Top U.S. Rating Agency Says Gov’t Debt Default and Structuring ‘Highly Likely’ as GERS Insolvency Looms; Benefits Predicted to be Cut by 50 Percent in 2023
The Government Employees’ Retirement System will likely collapse in 2023 after depleting assets and be forced to cut retirees’ benefits by 50 percent, said Moody’s Rating Agency Tuesday, a move that the firm said is unthinkable politically and instead would be the driving force of a government debt default and restructuring.
Moody’s assessment was part of its response to a Third Circuit Court ruling in mid-April that determined the Government of the Virgin Islands was not responsible for $43 million of a $60 million suit brought against it by G.E.R.S. The ruling represented a positive for the G.V.I., Moody’s said, but the savings of $43 million does nothing to address a much larger issue — a pension system liability of an amount Moody’s estimated to be $5.3 billion.
Moody’s Senior Credit Officer Thomas Aaron, and Managing Director Timothy Blake, stated, “[The ruling] does little to alter the looming insolvency of GERS within the next several years. The USVI almost certainly cannot afford to pay pensions directly to retirees if GERS depletes its assets, and likely cannot politically cut benefits while paying debt service in full to bondholders, meaning a GERS insolvency is highly likely to drive a debt default and restructuring.”
Moody’s said unless the pension system realizes an infusion of cash, GERS will run out of assets by fiscal year 2024, which starts on Sept. 1, 2023.
In a statement issued Tuesday, Governor Albert Bryan said, “As evidence of our commitment, the Government of the Virgin Islands has paid millions to the GERS over the years, none of which they applied to the balance they claim is due. It is time to take another serious look at refinancing our bond debt to achieve lower rates, which will allow us to put more money into the system.”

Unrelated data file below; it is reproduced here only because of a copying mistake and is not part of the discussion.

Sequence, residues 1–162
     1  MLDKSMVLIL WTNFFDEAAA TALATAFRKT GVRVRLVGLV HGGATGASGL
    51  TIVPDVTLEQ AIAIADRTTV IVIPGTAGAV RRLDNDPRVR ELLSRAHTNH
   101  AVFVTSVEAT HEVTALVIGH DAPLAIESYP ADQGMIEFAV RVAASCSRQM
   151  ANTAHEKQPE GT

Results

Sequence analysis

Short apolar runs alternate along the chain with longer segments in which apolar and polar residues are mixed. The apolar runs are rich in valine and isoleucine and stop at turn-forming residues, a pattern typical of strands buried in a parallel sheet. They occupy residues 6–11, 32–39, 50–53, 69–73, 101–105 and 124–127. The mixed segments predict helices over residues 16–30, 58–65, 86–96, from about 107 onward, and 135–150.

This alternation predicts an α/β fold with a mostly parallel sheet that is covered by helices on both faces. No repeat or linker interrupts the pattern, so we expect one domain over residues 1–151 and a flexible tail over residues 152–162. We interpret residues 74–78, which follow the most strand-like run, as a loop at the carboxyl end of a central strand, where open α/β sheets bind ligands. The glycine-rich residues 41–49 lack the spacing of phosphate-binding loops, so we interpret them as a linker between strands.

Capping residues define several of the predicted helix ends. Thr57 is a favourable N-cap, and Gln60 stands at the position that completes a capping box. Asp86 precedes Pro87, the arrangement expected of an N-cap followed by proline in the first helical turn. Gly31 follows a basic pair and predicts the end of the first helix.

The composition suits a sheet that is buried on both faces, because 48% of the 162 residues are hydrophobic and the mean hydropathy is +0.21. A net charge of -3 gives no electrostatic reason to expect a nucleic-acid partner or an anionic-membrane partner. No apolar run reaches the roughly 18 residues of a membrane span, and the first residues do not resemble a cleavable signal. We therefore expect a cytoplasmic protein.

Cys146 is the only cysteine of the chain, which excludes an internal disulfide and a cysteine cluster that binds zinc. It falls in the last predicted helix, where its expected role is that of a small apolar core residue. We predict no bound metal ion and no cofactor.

The governor had proposed a debt restructuring plan that he said would have resulted in hundreds of millions of dollars in savings. And though he contended the funds would be used to undergird G.E.R.S., Mr. Bryan had also said a portion of the savings would have been expended on other priorities, including infrastructure.
Ultimately, senators rejected the plan, with some sticking to their stance that the measure was not in the best interest of the territory; some contending that the refinancing, contrary to what was being said, was not certain to go toward saving the G.E.R.S., while others, including Finance Committee Chairman Kurt Vialet, contended that the deal — which would have dissolved the territory’s $150 million Debt Service Reserve Fund — would affect future generations as it would have deferred payments and place a heavy burden on Virgin Islanders ten years down the road.
As of April 1, the GVI had $716 million in general obligation debt, most of it in bonds. The territory also had $1.04 billion in matching fund (rum cover-over) debt. None of these obligation include V.I. Water and Power Authority debt, according to the Bond Buyer.
Mr. Bryan said the court’s decision calls for action from lawmakers and the administration. “In the judgement, the court clearly defines that it is the duty of the Legislature to address the funding needed, and by working collectively I believe we can get solve this issue on behalf of the people of the Virgin Islands,” he said.
Said Moody’s: “Assuming that in addition to its statutory contribution, the USVI pays the amount upheld by the appeals court in full, we still project that the GERS will run out of assets in fiscal 2024 without an extra infusion of cash or cut to benefits. To this end, the appeals court in its opinion said that GERS requires ‘possibly billions more’ to avoid insolvency, and the system’s most recent actuarial valuation recommends that the Board of Trustees prepare in advance for applying benefit cuts to retirees once the systems assets are exhausted.
“We estimate that GERS would have to cut benefit outflows to retirees by around 50% once its assets are depleted if its only sources of income are the USVI’s statutory contributions and active member contributions. A benefit cut of any significant magnitude is unlikely to occur, in our view, without a broader restructuring of the USVI’s other debts and obligations to bondholders.”
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